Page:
I think our two night, three day stay was perfect. We got to see everything, do everything, and still have some relaxation time. The only thing that could have made our weekend better was if (1) we'd packed blue jeans, closed toe shoes, and heavier jackets, or (2) the weather had actually stuck to the predicted sunny, 70+ degree F temperatures. As it was, we awoke to a bit of cold on our final day. And by cold, I mean that while I was on the terrace reading for two hours while Nathan continued sleeping, I considered ripping the fleece blanket he was using off of him so I would no longer be stuck shuddering under the half size one. Little kitty's little body did not cover up enough of mine to act as a living, fur blanket. As we paid Costanzo for our room, he showed me that the temperature, at 11:00am, was only 13 degrees C (55 F). [Nerdy conversion tip - the easiest way to convert C to F in your head and quickly is double and add 30; it doesn't get it exact, but is usually within a couple of degrees]. We set off, me wearing the clothes I'd been wearing for two and a half days since my other clothes were skirts and T-shirts. Had I known that I'd wear the same clothing all three days, I could have really lightened my backpack. Who knew I'd only need a toothbrush, change of undies, and some lip gloss. Heck, all that would have just fit right into my pocketbook.
The last site on our tourist list was Villa San Michelle di Axel Munthe. Axel Munthe was a Swedish doctor, animal lover, and writer who had a dream to live on Capri. Twenty years after his first visit, he bought a villa and later added surrounding land. This was in the late 1800s. The villa is beautiful, and there are several large write-ups about Munthe in both Italian and English. What I took away from the write-ups was that Munthe became the doctor to the Swedish royal family, in particular to the Crown Princess who later became the Queen Consort (wife of the reigning King, she held the title of Queen). Munthe and Queen Victoria (of Sweden, not England) were very close "friends," and she spent much of her time in Capri. Their close "friendship" lasted for decades, and she seemed very involved in life at the villa. In addition, Munthe had a lady who acted as his main servant. She was not paid, but he provided for her every need, which frankly, sounds a lot like slavery. What I did not learn, but later found out from Wikipedia, is that Munthe was married to an Englishwoman who spent her time living with their two sons in a villa he built for her back in Sweden. Villa San Michele, now owned by the Swedish state, describes Munthe as a devoted doctor, serving the poor and needy, an environmentalist, a dog lover, and the author of one of the bestselling books of it's time, The Story of San Michele. Now I'm not saying that Axel Munthe wasn't an all around straight up guy, but further research suggests there might be slightly more details to his story. Regardless, he built an incredible villa with views across the Bay of Naples, stunning gardens, and the Sphinx that is such a popular icon of the island of Capri, so I enjoyed our little stroll through his home.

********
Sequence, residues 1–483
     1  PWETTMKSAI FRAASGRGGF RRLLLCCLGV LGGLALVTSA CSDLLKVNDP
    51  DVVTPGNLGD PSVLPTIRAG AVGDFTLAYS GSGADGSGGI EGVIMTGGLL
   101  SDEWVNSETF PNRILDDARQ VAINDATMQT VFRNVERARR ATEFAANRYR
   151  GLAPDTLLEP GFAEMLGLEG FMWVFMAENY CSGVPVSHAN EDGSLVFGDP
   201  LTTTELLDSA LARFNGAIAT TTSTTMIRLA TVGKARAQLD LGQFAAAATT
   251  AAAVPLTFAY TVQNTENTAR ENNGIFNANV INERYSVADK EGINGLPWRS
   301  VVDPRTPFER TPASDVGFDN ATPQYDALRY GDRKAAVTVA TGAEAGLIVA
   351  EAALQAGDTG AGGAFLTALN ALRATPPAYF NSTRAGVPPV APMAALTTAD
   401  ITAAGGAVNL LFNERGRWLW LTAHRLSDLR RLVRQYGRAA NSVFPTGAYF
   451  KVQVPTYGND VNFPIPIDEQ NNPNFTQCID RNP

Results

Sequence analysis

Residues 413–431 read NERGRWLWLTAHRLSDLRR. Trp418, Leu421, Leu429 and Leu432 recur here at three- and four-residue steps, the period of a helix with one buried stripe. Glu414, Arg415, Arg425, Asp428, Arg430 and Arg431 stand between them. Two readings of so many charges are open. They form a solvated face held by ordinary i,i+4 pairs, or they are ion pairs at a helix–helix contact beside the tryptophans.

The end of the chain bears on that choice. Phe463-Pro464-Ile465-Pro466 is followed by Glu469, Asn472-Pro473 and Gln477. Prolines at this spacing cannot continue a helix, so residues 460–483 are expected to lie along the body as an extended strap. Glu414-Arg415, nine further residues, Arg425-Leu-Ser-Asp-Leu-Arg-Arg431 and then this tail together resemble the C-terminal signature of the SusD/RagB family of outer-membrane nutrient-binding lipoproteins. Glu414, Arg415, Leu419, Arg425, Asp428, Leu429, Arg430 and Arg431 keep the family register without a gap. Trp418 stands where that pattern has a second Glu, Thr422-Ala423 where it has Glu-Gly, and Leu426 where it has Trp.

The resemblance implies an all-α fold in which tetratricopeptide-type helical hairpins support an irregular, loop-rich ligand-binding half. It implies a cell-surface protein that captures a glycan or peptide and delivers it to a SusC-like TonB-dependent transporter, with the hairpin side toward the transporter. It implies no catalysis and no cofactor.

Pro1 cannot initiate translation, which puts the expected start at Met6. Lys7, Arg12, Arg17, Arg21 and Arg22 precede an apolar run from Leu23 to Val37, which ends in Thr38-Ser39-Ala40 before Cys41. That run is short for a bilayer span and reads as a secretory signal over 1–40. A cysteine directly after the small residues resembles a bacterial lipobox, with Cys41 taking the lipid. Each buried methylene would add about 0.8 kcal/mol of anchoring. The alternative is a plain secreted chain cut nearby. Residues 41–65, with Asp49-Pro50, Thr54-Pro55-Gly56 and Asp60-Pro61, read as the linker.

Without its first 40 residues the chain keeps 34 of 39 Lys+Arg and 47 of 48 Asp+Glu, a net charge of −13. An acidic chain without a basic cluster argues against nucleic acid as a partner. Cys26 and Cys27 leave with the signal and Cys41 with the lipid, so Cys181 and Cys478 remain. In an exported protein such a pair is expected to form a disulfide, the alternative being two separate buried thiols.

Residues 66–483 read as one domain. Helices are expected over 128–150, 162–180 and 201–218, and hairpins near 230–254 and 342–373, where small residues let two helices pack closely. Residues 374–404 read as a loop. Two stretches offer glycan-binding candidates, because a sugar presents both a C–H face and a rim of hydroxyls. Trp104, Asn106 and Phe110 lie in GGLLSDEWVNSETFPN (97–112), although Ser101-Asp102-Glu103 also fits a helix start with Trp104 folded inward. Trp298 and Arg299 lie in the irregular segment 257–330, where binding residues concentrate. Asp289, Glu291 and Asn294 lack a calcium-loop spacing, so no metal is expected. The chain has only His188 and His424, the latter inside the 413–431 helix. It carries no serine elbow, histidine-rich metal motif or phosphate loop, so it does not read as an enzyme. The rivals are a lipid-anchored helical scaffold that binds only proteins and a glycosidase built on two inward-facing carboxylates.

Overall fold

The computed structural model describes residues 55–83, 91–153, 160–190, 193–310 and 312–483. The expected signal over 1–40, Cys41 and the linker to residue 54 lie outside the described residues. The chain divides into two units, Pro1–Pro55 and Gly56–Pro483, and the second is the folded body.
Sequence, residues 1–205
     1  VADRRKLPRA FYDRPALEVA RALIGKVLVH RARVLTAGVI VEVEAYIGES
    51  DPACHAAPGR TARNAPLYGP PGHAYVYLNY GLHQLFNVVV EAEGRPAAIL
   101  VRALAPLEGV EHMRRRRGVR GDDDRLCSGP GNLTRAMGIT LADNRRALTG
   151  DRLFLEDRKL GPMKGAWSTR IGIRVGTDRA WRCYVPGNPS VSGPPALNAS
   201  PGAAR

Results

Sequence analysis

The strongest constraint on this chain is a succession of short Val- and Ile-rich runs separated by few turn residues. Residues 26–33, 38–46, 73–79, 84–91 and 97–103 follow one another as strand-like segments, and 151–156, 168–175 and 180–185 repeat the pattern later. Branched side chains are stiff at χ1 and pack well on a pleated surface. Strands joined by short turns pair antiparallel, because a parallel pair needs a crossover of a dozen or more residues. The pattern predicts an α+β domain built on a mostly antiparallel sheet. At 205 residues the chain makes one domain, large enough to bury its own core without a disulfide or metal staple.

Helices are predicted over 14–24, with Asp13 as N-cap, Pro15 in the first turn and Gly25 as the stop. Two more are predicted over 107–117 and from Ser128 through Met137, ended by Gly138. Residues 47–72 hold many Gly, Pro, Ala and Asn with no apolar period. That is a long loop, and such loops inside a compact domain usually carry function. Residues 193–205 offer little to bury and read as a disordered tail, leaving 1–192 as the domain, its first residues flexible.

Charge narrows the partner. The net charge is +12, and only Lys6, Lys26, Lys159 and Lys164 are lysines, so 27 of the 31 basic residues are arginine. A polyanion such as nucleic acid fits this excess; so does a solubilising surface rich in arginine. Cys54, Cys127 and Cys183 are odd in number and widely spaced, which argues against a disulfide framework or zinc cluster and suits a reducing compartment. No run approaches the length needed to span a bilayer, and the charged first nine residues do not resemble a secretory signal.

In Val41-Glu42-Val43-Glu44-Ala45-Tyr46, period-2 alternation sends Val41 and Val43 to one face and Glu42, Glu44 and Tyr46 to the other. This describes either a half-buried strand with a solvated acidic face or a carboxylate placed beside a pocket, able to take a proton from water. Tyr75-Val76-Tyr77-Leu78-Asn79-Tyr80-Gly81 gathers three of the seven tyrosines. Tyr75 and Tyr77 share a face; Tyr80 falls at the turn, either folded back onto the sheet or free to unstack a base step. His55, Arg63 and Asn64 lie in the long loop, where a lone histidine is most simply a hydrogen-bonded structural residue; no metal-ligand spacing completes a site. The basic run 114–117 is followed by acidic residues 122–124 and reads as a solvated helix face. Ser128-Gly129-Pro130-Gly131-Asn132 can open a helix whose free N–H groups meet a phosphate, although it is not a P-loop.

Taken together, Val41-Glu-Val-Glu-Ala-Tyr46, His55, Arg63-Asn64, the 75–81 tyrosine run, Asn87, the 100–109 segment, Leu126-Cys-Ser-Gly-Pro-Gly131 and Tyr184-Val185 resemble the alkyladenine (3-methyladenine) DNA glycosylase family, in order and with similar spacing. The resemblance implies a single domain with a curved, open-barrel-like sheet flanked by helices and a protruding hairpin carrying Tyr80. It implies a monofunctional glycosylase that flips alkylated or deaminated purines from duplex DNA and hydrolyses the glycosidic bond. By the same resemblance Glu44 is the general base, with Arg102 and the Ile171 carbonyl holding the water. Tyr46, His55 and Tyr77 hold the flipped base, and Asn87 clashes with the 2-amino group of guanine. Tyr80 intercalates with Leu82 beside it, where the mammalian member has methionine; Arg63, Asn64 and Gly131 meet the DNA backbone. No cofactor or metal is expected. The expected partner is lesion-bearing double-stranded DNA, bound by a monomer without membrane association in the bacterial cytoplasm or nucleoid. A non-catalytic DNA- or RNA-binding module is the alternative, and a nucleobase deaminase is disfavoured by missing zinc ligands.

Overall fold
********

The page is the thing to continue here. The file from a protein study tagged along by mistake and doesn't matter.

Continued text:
After our visit to the Villa, we decided it was just too cold for further exploration given our clothing. We headed back to the B&B to pick up our stored luggage and then down to the port to catch the next ferry. We lucked out as we boarded an open air ferry, the first I've seen going between Naples and Capri. It was still one of the fast, jet boats, and it got us to Naples in under an hour, but with the joy of an open deck and fresh breeze. For the first time, the ride was enjoyable rather than an exercise in avoiding all interaction with any other passengers that might get seasick. Plus, all that cold and rain and wind had made the air so clear that we got the best view to date of Mount Vesuvius:.